Jolly Bimbachi and sons on Lebanon trip. (Photo courtesy of Jolly Bimbachi).

Chatham Mom Reveals Details Of Syria Hostage Situation

A Chatham resident, who was held captive by an al Qaeda-linked terrorist group, is sharing the details of her abduction and where her kids are now.

Jolly Bimbachi, who returned home to Canada last month, has been fighting for her two sons ever since her ex-husband took the kids on vacation to Lebanon and never brought them back.

Bimbachi, who is related to her ex-husband, says most of her family is against her.

“It is true, we are cousins. In our culture cousins do marry each other. They make us do a blood test before to make sure we’re compatible with each other in case there are kids later on. I don’t mention it to anybody because I know it’s not part of the culture here,” she explains.

Bimbachi says in November of 2017, she had a court date with her ex-husband and was in the process of applying for full custody.

“I was actually in the process of a custody battle and going through courts with my ex-husband in Lebanon. Things were not progressing. The closer it came to me having to come back home, the harder it was for me to say bye to my kids,” explains Bimbachi. “At the same time, there were threats being said…There was no way that my ex-husband was going to let me take the kids alive out of Lebanon.”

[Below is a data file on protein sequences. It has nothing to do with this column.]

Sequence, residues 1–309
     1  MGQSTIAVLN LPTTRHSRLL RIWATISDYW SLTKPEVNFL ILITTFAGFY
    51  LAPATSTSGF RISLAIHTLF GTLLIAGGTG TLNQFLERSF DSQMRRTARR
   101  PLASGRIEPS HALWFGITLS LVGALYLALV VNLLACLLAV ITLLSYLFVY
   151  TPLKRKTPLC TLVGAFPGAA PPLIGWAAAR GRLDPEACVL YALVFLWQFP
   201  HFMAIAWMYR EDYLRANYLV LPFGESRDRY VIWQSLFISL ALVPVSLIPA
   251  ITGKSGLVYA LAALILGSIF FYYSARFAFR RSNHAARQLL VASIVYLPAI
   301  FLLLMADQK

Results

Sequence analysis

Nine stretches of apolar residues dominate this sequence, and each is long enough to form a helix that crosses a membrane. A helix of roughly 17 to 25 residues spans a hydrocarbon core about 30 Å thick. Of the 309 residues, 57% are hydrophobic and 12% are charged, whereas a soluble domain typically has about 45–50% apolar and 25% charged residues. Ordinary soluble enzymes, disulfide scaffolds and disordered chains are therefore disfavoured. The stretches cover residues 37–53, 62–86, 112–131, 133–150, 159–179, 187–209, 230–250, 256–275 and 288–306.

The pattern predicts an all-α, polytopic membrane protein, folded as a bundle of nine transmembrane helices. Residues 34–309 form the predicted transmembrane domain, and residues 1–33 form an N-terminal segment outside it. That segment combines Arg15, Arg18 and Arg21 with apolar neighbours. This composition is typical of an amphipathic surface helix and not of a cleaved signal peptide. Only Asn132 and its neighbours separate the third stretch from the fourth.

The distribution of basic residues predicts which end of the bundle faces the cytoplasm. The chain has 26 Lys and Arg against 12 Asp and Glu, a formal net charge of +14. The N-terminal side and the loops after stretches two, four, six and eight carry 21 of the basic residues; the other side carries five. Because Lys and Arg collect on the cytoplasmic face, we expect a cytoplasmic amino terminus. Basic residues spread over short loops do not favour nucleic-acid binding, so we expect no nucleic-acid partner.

Bimbachi, along with the help of another Chatham resident named Sean Moore, came up with a plan to go through Syria and hopefully get to Turkey safely with the children. She says they planned to go to the Canadian embassy and seek help once they were there.

The pair decided to follow through with their plan when Bimbachi got overnight visitation with the children. She says the plan quickly fell apart when they were stopped before the Turkish border.

“We realized that we were taken probably way after we were actually taken. Just as we’re processing everything, we came to the conclusion that we’re probably set up from the beginning,” says Bimbachi. “There are a lot of gangs there and there are a lot of people. We don’t really know who to believe.”

Bimbachi says the first group that stopped them was a rebel group of freedom fighters who then exchanged them to a terrorist group called “HTS” around January 10, 2018. She says that is the day she and Sean were separated.

She believes her ex-husband and his cousin are affiliated with this group and that is why they have power in Syria. From her understanding, HTS was part of al Qaeda a few years ago then formed its own group.

The pair were then taken to the Syrian Salvation Government, which Bimbachi says is an independent government that controls the northern part of the country. From what she gathers, HTS is serves as a military branch of that government.

According to Bimbachi, one of the reasons they were first abducted was because of Facebook posts created by her ex-husband’s cousin about her and Moore. She says the posts claimed that she was a “violent mother” and “abusive towards her kids” and that Moore kidnapped children for a living. Bimbachi says none of this was true, but they could not move anywhere without the risk of being recognized.